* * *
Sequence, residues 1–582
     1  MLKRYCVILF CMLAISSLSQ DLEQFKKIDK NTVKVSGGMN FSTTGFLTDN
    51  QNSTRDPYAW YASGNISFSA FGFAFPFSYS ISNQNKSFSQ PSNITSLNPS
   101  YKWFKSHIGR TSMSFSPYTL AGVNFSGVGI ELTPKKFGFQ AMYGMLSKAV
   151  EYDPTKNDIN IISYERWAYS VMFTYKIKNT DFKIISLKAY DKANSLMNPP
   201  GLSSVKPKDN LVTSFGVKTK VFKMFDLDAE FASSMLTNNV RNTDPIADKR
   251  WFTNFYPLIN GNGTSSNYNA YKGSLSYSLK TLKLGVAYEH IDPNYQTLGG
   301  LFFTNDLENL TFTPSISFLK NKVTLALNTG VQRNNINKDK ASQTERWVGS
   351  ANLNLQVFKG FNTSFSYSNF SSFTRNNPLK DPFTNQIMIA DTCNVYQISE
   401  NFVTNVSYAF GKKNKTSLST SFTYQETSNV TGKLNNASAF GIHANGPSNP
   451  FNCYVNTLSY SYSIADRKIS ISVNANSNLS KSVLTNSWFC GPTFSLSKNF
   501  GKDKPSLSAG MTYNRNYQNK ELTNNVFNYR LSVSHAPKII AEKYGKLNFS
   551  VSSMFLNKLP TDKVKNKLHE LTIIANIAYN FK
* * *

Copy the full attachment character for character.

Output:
Sequence, residues 1–582
     1  MLKRYCVILF CMLAISSLSQ DLEQFKKIDK NTVKVSGGMN FSTTGFLTDN
    51  QNSTRDPYAW YASGNISFSA FGFAFPFSYS ISNQNKSFSQ PSNITSLNPS
   101  YKWFKSHIGR TSMSFSPYTL AGVNFSGVGI ELTPKKFGFQ AMYGMLSKAV
   151  EYDPTKNDIN IISYERWAYS VMFTYKIKNT DFKIISLKAY DKANSLMNPP
   201  GLSSVKPKDN LVTSFGVKTK VFKMFDLDAE FASSMLTNNV RNTDPIADKR
   251  WFTNFYPLIN GNGTSSNYNA YKGSLSYSLK TLKLGVAYEH IDPNYQTLGG
   301  LFFTNDLENL TFTPSISFLK NKVTLALNTG VQRNNINKDK ASQTERWVGS
   351  ANLNLQVFKG FNTSFSYSNF SSFTRNNPLK DPFTNQIMIA DTCNVYQISE
   401  NFVTNVSYAF GKKNKTSLST SFTYQETSNV TGKLNNASAF GIHANGPSNP
   451  FNCYVNTLSY SYSIADRKIS ISVNANSNLS KSVLTNSWFC GPTFSLSKNF
   501  GKDKPSLSAG MTYNRNYQNK ELTNNVFNYR LSVSHAPKII AEKYGKLNFS
   551  VSSMFLNKLP TDKVKNKLHE LTIIANIAYN FK